Prof. Robert E. Shepherd Jr.
Shepherd's work was written into law in Virginia and around the country, and his influence extended to hundreds of students and families.
"His teaching, writing and legislative advocacy have had a profound impact on the lives of children and youth throughout Virginia and the nation," said Richmond law school Dean John G. Douglass. "His broadest and deepest legacy will remain the hundreds of students whom he mentored throughout his teaching career and with whom he shared equal measures of his inquisitive spirit, his sense of fair play and his deep human compassion for those most in need."
Shepherd joined Richmond's law school faculty in 1978 and retired in 2001. Winner of the university's distinguished educator award in both 1981 and 1986, he continued teaching at the law school and working on behalf of children after retiring. During the fall of 2008, he was a visiting professor at the Washington and Lee School of Law.
A native of Richmond, Shepherd earned both bachelors ('59) and law ('61) degrees from Washington and Lee University in Lexington, Va. A paper he wrote for the school's law review became a draft of Virginia's first statute on child abuse and set Shepherd on track for his career. In a 2001 interview with the law school's magazine, he said, "There was a real sense that laws for children were civil rights laws. It was a very exciting time."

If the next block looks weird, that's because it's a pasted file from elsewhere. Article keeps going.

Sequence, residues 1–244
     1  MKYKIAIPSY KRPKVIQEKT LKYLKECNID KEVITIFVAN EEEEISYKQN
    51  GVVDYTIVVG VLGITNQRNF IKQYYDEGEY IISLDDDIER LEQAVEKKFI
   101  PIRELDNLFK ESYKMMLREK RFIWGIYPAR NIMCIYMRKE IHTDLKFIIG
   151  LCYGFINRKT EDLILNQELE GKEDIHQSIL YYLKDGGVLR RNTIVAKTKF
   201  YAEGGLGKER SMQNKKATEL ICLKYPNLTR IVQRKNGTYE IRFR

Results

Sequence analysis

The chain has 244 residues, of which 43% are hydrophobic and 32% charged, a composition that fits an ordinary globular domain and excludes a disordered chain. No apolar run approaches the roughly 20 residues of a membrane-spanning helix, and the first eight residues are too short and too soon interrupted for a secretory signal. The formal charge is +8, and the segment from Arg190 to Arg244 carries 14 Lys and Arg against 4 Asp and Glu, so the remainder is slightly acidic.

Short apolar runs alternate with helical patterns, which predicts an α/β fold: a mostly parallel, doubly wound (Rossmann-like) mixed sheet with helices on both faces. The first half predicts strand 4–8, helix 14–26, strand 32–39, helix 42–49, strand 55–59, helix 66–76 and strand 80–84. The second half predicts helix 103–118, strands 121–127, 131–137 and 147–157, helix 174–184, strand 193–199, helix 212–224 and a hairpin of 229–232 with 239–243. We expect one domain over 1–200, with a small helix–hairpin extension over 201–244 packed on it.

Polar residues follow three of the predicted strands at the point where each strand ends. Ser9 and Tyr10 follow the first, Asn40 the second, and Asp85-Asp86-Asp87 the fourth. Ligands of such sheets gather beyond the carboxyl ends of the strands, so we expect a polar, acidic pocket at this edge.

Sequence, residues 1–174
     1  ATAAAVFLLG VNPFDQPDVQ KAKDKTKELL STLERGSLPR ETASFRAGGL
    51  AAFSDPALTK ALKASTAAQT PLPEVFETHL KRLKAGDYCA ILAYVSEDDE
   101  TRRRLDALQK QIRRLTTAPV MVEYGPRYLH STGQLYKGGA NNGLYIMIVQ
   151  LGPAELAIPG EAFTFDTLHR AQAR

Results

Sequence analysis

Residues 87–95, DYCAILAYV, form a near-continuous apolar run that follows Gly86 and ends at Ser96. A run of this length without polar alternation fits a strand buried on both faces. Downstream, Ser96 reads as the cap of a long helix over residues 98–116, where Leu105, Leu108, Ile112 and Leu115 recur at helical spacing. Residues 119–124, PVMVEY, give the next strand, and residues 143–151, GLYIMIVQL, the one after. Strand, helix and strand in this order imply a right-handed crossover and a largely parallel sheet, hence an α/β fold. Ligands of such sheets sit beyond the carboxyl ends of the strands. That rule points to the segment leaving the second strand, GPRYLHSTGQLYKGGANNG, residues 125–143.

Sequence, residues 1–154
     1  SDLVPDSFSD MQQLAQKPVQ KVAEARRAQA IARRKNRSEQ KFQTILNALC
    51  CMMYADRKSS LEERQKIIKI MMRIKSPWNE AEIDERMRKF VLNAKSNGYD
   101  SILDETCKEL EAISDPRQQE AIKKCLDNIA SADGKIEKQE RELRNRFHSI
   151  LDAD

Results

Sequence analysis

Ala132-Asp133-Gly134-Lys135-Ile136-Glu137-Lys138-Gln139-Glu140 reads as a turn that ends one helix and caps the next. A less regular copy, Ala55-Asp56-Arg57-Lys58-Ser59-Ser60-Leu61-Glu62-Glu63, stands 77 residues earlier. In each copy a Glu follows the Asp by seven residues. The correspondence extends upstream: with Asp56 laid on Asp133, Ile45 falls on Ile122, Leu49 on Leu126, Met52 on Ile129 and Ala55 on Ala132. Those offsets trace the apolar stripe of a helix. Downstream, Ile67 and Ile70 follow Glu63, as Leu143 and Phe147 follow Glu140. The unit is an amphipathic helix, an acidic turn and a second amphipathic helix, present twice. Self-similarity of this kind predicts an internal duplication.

A founder and board member of Richmond law school's National Center for Family Law, Shepherd was a sought after expert in courts, before legislative committees and in legal forums around the nation on issues related to children's rights. Over his 40-year career, he headed the American Bar Association's Juvenile Justice Committee and the Virginia Bar Association's Committee on the Needs of Children. He served as reporter on family law and contracts for the Virginia Court of Appeals.
Shepherd served in the Army JAG Corps, then went into private practice in Richmond. He joined the Virginia attorney general's office in 1971, becoming its first assistant attorney general dedicated to youth services. In 1975, he turned to teaching full time at the University of Baltimore before returning to Richmond.
He found he loved the intersection the law school offered between students in the classroom, the complex issues facing families and the opportunity to interact with professionals including lawyers, pediatricians, social scientists and other teachers.
In 1999, he was the first person inducted into the Virginia Juvenile Court Hall of Fame. In 2005, he received the ABA's Livingston Hall Juvenile Justice Award for his contributions. The National Center for Family Law recently created a scholarship in his honor.
Shepherd is survived by his wife, Nancy, and three children. Family visitation will take place Dec. 14 from 2-4 p.m. at Woody Funeral Home-Parham Chapel, 1771 N. Parham Road. A memorial service will be held Dec. 15, 1 p.m., at River Road Church, Baptist.
The family has requested that, in lieu of flowers, contributions be made to The Robert E. Shepherd, Jr. Endowed Fellowship Fund at the University of Richmond's School of Law.Email This Page